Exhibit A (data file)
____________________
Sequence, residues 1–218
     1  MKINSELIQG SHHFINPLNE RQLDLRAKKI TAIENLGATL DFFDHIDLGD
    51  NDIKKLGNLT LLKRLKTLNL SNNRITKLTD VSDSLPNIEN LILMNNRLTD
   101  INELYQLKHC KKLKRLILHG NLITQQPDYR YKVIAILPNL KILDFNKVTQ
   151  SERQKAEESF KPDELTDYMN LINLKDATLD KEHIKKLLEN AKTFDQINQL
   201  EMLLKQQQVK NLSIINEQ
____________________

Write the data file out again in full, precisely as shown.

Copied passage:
Sequence, residues 1–218
     1  MKINSELIQG SHHFINPLNE RQLDLRAKKI TAIENLGATL DFFDHIDLGD
    51  NDIKKLGNLT LLKRLKTLNL SNNRITKLTD VSDSLPNIEN LILMNNRLTD
   101  INELYQLKHC KKLKRLILHG NLITQQPDYR YKVIAILPNL KILDFNKVTQ
   151  SERQKAEESF KPDELTDYMN LINLKDATLD KEHIKKLLEN AKTFDQINQL
   201  EMLLKQQQVK NLSIINEQ